Onion Games founder reflects on his past, present, and future
To close our interview series with Yoshiro Kimura, developer on Romancing SaGa 2, Chu Lip, No More Heroes, Rule of Rose, Little King’s Story, Million Onion Hotel, Dandy Dungeon, and so many others, we thought we’d look at the unique place Kimura-san holds in the industry. He was there, behind the scenes, as the medium took its first steps into large open worlds, then cutscene-driven narrative games, and now, towards the mainstream friendly, free-to-play mobile mega franchises that are dominating the market. With each of those steps on the way, Kimura-san was there to help steer the medium in unexpected, genuinely human directions.
Working for over 20 years in a field whose place in the larger culture is anything but consistent, and where even the biggest names often reject being called “artists,” is not for the faint of heart. Risk is constant, even for veterans. Most cope with the resulting anxiety by clinging to whatever solid ground they find. Kimura-san, on the other hand, hired a talking, humming, self-deprecating onion to run his company Twitter account.
I couldn’t wait to find out why.
“Because I love crazy yet beautiful things. Onions are such things.”
That was Kimura-san’s explanation for his choice in social media managers.
So much about his answer speaks to his particular approach to game development. He takes it for granted that onions are beautiful, to the point where he left out any details about what exactly makes onions beautiful. If you are looking for your entertainment to be spoon-fed to your brain, you’re likely to just move on from his answer, taking little from it, or writing it off entirely as “pretentious gobbledygook.” But if you like digging, you might find something more. Being root vegetables, onions spend much of their lives underground, so any onion hunter worth their salt is no stranger to a good dig.
Onions smell sometimes, but they rarely lack flavor. They can make you cry. Peel back their layers and you find… more layers. Onions are ordinary, but they can take a bland meal and turn it into a love-it-or-hate-it event. Few can handle biting into one raw, and like pornography, you know one when you see one, but that doesn’t mean you know what you’ll get when you eat one.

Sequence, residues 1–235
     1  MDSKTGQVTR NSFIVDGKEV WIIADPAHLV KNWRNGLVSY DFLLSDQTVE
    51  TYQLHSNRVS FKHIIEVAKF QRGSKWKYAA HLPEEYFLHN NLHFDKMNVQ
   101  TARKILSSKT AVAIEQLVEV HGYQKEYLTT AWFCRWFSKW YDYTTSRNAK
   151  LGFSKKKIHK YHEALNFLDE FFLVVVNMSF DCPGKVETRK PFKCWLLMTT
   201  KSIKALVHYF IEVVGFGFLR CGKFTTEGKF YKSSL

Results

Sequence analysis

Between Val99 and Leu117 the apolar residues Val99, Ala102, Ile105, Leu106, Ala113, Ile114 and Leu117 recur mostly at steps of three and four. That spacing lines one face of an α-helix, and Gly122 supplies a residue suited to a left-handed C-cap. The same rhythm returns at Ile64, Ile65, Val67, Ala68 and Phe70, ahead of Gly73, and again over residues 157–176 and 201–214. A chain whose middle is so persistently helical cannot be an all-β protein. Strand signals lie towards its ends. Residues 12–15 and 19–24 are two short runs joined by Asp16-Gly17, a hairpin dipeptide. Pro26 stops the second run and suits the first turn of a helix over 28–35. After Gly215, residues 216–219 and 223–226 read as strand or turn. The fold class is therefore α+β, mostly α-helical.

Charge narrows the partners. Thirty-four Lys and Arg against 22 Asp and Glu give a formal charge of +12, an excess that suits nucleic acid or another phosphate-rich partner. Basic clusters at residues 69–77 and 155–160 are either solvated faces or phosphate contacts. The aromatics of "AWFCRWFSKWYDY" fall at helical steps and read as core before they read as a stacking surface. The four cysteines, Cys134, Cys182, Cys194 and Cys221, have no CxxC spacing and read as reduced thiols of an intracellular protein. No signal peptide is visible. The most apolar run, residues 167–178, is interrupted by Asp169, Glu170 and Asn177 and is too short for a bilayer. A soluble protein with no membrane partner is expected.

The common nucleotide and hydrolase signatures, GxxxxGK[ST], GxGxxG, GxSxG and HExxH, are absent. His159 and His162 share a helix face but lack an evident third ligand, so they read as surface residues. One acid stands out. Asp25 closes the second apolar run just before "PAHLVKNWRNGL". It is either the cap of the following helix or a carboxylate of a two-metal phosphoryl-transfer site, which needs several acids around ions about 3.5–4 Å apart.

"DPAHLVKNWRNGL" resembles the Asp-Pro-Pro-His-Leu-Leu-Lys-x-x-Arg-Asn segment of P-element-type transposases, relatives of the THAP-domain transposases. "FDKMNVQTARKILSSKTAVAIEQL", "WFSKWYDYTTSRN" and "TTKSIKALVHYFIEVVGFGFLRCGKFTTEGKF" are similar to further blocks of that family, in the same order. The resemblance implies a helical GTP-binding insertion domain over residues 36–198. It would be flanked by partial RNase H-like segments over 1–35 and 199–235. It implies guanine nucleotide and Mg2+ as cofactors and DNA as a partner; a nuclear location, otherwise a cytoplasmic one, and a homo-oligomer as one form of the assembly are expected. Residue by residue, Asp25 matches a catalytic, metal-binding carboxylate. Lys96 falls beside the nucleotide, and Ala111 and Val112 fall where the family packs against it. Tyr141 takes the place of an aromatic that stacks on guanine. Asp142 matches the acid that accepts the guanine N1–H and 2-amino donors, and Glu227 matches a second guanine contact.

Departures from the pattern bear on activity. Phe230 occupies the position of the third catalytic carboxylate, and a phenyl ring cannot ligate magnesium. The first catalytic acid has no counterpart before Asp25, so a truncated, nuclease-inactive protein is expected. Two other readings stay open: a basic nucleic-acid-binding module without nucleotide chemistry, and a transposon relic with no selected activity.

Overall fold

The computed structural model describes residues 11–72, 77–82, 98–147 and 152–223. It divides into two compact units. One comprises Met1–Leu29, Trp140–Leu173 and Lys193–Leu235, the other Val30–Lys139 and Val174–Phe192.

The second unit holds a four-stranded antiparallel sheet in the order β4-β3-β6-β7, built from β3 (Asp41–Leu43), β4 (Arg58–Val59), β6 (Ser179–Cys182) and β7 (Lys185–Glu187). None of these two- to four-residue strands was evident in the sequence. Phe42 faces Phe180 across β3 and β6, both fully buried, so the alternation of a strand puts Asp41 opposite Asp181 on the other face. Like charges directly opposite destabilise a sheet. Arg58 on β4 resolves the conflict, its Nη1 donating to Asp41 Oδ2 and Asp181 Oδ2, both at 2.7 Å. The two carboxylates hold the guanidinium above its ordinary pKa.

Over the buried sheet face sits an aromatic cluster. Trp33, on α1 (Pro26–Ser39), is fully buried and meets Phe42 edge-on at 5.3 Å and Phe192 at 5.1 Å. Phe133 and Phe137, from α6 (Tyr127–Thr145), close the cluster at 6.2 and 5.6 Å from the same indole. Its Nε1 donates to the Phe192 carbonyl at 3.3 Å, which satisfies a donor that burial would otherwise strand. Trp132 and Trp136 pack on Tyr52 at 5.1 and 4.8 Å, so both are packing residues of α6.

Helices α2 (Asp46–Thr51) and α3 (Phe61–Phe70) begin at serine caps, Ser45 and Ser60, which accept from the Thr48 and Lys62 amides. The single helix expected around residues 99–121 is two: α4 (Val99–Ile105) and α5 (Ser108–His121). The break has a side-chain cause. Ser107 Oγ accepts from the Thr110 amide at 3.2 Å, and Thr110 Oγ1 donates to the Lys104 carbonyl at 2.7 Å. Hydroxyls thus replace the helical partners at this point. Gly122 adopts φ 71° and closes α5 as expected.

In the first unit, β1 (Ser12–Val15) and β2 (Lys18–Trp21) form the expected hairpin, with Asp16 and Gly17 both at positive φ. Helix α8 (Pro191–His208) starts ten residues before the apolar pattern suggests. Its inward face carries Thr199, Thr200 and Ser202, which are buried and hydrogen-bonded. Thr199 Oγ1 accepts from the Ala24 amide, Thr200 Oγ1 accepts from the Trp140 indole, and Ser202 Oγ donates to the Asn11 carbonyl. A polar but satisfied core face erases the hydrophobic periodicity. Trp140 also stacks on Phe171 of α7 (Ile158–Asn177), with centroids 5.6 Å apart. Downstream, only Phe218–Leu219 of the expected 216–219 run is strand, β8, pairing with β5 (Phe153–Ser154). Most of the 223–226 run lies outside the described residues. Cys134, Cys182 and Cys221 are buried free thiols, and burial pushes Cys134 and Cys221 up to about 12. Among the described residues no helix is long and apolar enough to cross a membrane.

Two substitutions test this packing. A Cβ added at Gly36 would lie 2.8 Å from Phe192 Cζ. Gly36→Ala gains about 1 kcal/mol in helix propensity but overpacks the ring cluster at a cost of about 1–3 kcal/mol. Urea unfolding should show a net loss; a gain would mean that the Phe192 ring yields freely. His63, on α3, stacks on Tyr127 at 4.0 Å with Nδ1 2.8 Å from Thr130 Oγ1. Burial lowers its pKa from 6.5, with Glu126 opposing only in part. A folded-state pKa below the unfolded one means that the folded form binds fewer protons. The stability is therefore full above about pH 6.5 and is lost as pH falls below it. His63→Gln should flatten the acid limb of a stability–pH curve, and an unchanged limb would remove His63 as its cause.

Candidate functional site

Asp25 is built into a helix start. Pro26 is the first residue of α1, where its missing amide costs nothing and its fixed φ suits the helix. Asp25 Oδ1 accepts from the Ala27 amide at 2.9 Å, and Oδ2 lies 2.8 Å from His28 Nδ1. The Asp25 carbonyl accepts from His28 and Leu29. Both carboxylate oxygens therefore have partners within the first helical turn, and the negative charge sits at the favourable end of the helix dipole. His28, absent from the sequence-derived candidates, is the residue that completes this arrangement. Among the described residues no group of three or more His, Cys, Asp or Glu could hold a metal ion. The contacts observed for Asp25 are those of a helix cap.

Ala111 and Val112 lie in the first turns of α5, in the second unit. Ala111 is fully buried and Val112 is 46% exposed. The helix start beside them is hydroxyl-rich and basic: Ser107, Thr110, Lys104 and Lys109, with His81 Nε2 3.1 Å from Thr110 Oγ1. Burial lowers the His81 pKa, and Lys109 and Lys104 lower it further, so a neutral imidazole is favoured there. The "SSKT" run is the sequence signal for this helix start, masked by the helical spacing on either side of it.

Are these the reasons why Kimura-san thinks onions are beautiful? If he were to tell me, then I wouldn’t have much room to come up with answers myself. I think he’d rather entertain my mind with a space to play in, instead of just handing me some information to file away for later. Therein lies the difference between art and entertainment.
Although, “difference” could be too strong a word. Art is to entertainment as a square is to a rectangle. All effective art entertains the mind, but not everything that entertains the mind is art. That’s part of why many entertainers refrain from calling themselves artists. Setting out to challenge the audience, instead of just entertain them, can imply a lack of humility. Even Rube Goldberg, famed comic artist and creative engineering genius, pushed away from calling himself an artist. Instead, he insisted that he and other comic artists call themselves “Vaudevillians.”
I asked Kimura-san about this perceived conflict between humility and the title of “artist,” and how famed game developers like Hideo Kojima and Shigeru Miyamoto have both rejected that specific title.
“Do I want to make art?” he said. “I never know what to make of this question. My way of thinking is, ‘I want to make and discover things that only I can make and discover.'”
“I see it like this: art exists in the smallest everyday discoveries. When a breeze feels beautiful or a stone looks cute or we see a weird person on the train and think ‘What a weirdo…’, I believe that’s art. Then again . . . everyone does this, right?”
“By my definition, every member of the human race is an artist.”
“The biggest obstacle to my pursuit of making what only I can make is my own ego. The most important qualities are honesty and humility. I don’t know about Misters Kojima and Miyamoto, though this is how I personally approach making games.”
It’s easy to imagine how someone who values their art enough to try to share it with others, who also values humility and honesty above all else, could end up feeling pretty hopeless in today’s media landscape. Ego trumps talent and trust on a regular basis these days. Many would rather parrot the talking points of others than say anything true about themselves, as honesty creates vulnerability, where conformity leads to acceptance, and sometimes, fame and fortune.
So how does Kiumra-san, 20 years deep into his career in game development, carry on in the face of all that garbage?
“What feels like a long time ago, I was tired of being a human; I was ready to give up on making games. Then I went to the Independent Game Festival (IGF) in 2012. It moved me. I founded Onion Games. I began making games again. There were just three tiny onions at that time. Now we’re nine slightly larger onions. Now we’ve got enough of a team to make game prototypes in our free time.”
“In the near future, I hope we’ll get back to work on our smartphone game Million Onion Hotel, and our Steam game Black Bird. Please play them if they ever come out!”
I will, Kimura-san. You and your band of onions have yet to do me wrong, and I can’t see why you’d start now.